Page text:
Jose Mourinho often cited a ‘conspiracy’ against his team during his second spell at Chelsea and many, myself included, saw this as Mourinho ‘losing his head’, running out of excuses for the worst title defence in Premier League history. However, witnessing the man patrolling the Old Trafford dugout week in week out highlights how Mourinho may just have a point. What exactly does Mourinho mean by a conspiracy? Is this in reference to the Football Association, referees or the media? Events would suggest weight can be found behind all three.
The Football Association
Compared to other managers, Jose Mourinho tends to find himself treated with a more an iron fist than by the FA. Mourinho found himself landed with a £50,000 fine for comments made about the suitability of Anthony Taylor to referee his side’s clash with Liverpool at Anfield in October. The United boss stated that, in relation to Taylor being from the Manchester area, appointing him to the game placed added ‘pressure’ on the referee – seemingly a reasonable comment. Appointing Anthony Taylor to that game did indeed place unnecessary pressure on the official, with much of the build up to that particular game centring around the referee more than usual.
Conversely, after Liverpool’s 3-2 defeat to Southampton earlier in the year, Jurgen Klopp stated that he felt the need to substitute Dejan Lovren for Martin Skrtel as the referee on the day “was not completely any more free of the emotion in the stadium”. Liverpool’s loss was in part due to a mistake made by Martin Skrtel. Klopp here, like Mourinho, questions the referee’s ability to handle a pressured situation, however worse. The Liverpool manager not only cited pressure as an issue, as Mourinho did, but also implied that the official was influenced by this pressure and that he cost Liverpool the game to a degree. Is this not a more scathing attack on the integrity of the match official than the Manchester United manager? Yet the German faced no further action. If nothing else, it seems the FA are far more willing to impose sanctions on Jose Mourinho than other managers.
Jose claims that refereeing decisions tend to go against his team and himself. If not a conspiracy against him, referees certainly appear to hold ill feeling against the former Porto boss. In light of United’s November draw with Burnley, Graham Poll revealed that Mark Clattenburg holds grudges and “gives nothing” to a side once their fans turn on him and or their players/management agitates him. This would seem to back up Mourinho’s claims to an extent, Jose reacted angrily to Clattenburg’s failure to award United a penalty before going on to tell the referee what he felt of the decision at half time, Jose was sent off and Ander Herrera was later dismissed inexplicably for slipping over. Mourinho’s team were punished because their boss was Jose Mourinho and he had irked the referee – if Poll’s claims are to be believed.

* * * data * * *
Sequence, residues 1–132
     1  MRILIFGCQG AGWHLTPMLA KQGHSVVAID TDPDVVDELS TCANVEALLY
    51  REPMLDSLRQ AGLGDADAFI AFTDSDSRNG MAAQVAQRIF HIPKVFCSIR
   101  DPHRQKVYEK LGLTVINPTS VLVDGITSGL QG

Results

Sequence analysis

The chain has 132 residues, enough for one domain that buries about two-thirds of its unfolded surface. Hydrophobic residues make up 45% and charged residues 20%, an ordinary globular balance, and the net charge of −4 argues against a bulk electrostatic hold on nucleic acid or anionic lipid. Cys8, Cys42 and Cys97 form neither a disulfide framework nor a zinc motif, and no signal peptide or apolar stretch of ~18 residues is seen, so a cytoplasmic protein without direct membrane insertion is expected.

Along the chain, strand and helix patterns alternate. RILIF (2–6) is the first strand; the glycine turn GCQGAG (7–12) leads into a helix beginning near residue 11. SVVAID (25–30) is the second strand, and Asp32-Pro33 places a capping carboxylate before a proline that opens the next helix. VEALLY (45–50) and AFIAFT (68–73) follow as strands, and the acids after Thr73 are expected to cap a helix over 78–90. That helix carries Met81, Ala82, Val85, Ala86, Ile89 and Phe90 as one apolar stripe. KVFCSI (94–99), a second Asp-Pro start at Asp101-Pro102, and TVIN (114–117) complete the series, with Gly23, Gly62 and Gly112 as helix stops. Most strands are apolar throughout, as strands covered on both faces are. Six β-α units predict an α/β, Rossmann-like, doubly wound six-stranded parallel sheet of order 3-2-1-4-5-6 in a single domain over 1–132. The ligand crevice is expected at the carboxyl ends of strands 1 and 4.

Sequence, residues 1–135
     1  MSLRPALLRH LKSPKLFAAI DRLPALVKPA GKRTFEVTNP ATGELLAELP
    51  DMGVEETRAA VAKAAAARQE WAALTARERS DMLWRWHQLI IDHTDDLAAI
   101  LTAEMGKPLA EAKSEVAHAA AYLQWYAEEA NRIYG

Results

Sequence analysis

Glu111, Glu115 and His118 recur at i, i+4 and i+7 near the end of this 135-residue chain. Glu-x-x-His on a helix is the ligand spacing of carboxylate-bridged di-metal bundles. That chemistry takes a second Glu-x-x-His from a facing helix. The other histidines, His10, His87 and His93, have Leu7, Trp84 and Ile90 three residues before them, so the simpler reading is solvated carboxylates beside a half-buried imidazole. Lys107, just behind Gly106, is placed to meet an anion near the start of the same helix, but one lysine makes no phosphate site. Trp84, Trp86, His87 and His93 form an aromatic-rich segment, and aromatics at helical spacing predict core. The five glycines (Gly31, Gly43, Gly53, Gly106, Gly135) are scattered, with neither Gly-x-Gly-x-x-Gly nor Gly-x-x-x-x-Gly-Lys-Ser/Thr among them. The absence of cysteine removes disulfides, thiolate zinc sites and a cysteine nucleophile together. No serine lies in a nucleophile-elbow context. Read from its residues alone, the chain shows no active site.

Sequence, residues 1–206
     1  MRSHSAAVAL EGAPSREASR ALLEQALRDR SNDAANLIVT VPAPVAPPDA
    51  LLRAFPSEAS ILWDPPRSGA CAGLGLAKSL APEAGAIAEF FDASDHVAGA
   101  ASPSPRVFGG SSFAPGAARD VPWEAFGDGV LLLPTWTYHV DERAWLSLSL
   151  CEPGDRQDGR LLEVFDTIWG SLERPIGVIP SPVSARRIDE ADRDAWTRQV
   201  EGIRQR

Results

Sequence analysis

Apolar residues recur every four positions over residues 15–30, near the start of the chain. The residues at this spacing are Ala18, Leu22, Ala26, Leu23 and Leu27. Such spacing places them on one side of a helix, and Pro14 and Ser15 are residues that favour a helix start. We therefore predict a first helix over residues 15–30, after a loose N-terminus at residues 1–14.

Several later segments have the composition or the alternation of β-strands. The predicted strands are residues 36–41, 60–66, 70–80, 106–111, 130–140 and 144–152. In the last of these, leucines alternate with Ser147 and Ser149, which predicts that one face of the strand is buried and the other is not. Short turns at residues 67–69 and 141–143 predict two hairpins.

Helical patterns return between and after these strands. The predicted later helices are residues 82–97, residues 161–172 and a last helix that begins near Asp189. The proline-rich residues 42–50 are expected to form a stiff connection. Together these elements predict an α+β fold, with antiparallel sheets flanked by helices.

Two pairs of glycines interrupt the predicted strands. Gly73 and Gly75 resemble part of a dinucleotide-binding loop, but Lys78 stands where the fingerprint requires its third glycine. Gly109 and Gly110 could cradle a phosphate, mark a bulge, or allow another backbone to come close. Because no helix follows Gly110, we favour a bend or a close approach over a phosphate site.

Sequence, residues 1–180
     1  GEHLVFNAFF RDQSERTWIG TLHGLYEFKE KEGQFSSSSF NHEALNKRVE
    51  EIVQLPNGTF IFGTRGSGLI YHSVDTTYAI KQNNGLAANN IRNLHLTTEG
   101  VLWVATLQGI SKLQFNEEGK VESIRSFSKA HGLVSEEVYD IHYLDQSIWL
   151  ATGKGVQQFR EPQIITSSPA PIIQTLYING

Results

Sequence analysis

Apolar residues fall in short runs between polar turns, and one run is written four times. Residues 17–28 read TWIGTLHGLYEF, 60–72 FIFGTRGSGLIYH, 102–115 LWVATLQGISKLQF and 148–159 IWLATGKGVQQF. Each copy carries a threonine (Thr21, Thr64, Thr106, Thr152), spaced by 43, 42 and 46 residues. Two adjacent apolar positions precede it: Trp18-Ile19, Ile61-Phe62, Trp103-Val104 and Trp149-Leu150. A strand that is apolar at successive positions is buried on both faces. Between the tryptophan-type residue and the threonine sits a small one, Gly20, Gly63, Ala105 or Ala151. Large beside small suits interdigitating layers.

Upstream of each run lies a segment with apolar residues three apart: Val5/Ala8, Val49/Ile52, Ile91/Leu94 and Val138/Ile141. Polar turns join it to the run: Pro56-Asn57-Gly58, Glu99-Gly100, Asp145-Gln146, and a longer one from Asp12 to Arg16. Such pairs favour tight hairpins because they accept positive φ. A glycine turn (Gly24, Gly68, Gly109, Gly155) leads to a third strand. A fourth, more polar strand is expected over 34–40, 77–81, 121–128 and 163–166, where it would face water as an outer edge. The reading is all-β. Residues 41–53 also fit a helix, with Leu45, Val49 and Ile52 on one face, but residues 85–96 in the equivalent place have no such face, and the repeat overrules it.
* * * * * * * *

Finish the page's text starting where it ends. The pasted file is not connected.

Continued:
This attitude of Clattenburg’s would also seem to apply to other referees with regard to Jose Mourinho, notably Jon Moss. Just over a year after Mourinho upset Moss by calling him weak at Upton Park, the ref appeared determined to show the 53-year-old just how ‘strong’ he was as he sent Mourinho off for kicking a water bottle in United’s 1-1 draw with West Ham. It is questionable at best whether or not other managers would have received anything more than a talking to, but because of the history between the pair, Mourinho was given his marching orders. Despite it being arguable that the Portuguese brought this upon himself by attacking the official in the first place, this is still an example of Mourinho being treated differently and therefore backs up his point.
Finally, there is the media aspect of this supposed ‘conspiracy’ against Mourinho’s side. To evaluate this, only the difference in treatment of Jose and Pep need be observed. As Jose’s United suffered their third defeat on the bounce, stories began to emerge that ‘Jose is finished’, that he ‘is a dinosaur, outdated by Klopp and Guardiola’ or pieces as in the Daily Star, pulling up quotes from Thibaut Courtois and using them to paint Mourinho as a draconian figure. Contrast this to media coverage following City’s 1-0 defeat as Old Trafford, which took the Citizens’ winless streak to six games. The harshest piece to be found on Guardiola was a Daily Mail article, in which it is acknowledged that the winless streak was the longest of his career however went on to make comments such as “few at the Etihad are in panic stations” before going on to cite all of Guardiola’s prior achievements at other clubs.
After a winless streak half of his Spanish counterpart, why was Jose ‘finished’ and a ‘dinosaur’ while Guardiola continued to be portrayed as a world class, prestigious manager who was ‘building a team’ rather than making mistakes. Once again, it is certainly understandable why Mourinho feels he is targeted; at best, he is harshly treated compared to his colleagues in Premier League management.
On balance, although the term ‘conspiracy’ may come across strong, it is clear to see that in all of the FA, referees and the media, Jose Mourinho is treated significantly more harshly than his competitors. Maybe Mourinho has got a point after all.